This post was submitted by Australia Country Manager Julian Atchison
Nuclear power production is currently not permitted in Australia under two pieces of Commonwealth legislation, as well as a host of state-level laws. The two Commonwealth laws prohibit the “approval, licensing, construction, or operation of a nuclear fuel fabrication plant; a nuclear power plant; an enrichment plant; or a reprocessing facility”. Radiation-related activities are also tightly regulated. Australia’s only nuclear reactor is a research facility located south of Sydney, which is also used for the production of medical radioisotopes.
There was a recent parliamentary inquiry into the possibility of nuclear power in Australia in 2019 that produced a pro-nuclear final report, recommending the prohibition laws be partially removed; but the report was roundly criticized for focusing on the promise of a to-be-proven technology (small modular reactors) as the principal reason for removing restrictions on nuclear power production, and for ignoring the economic analyses suggesting nuclear power would never be viable in Australia.
There is also the critical issue of nuclear waste. To date, not a single location in Australia has been identified and agreed on as a permanent, long-term nuclear waste disposal facility. Even the small amounts of low-level waste produced by the research reactor at Lucas Heights don’t have a permanent disposal site. A potential site for permanent disposal in South Australia is close to being finalized (after a four-decade struggle), but legislation is still before federal parliament.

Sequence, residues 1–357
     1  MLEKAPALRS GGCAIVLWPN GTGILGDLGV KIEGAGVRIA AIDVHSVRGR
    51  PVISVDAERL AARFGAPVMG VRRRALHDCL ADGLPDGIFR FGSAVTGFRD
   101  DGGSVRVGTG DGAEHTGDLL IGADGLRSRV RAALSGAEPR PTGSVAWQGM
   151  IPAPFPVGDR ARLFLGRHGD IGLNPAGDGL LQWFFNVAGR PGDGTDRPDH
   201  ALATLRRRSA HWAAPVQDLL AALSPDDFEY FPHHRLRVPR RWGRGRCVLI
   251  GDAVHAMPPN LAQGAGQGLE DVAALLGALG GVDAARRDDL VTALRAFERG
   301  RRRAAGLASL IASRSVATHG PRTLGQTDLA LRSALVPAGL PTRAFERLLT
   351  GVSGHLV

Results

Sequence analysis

Surveys also tend to show a slight majority of the Australian population supports the development of and use of nuclear power, and this support has grown over the past decades. But whereas the level of support vs. opposition for nuclear power is split fairly closely around 50:50, the ratio of support for renewable energy is far more pronounced (recent surveys have this ratio around 90:10). There would also be a significant community engagement challenge with building any future nuclear facilities near Australian population centres.
Lessons moving forward
The low likelihood of nuclear power ever gaining a foothold in Australia is based on economics. Multiple government inquiries into nuclear power have found that it would never be economically viable without a significant carbon price, and that costings for nuclear power deployment have never been properly or thoroughly done. Australia’s national science body CSIRO consistently ranks nuclear power as one of the most expensive energy generation sources going forward. Given the global context of huge cost overruns for new nuclear power plant builds (Vogtle in the USA & Hinkley C in the UK especially), the amount of public money required to get a nuclear industry off the ground in Australia is mammoth when compared to the ready opportunities presented by low-cost wind, solar and other renewable technologies.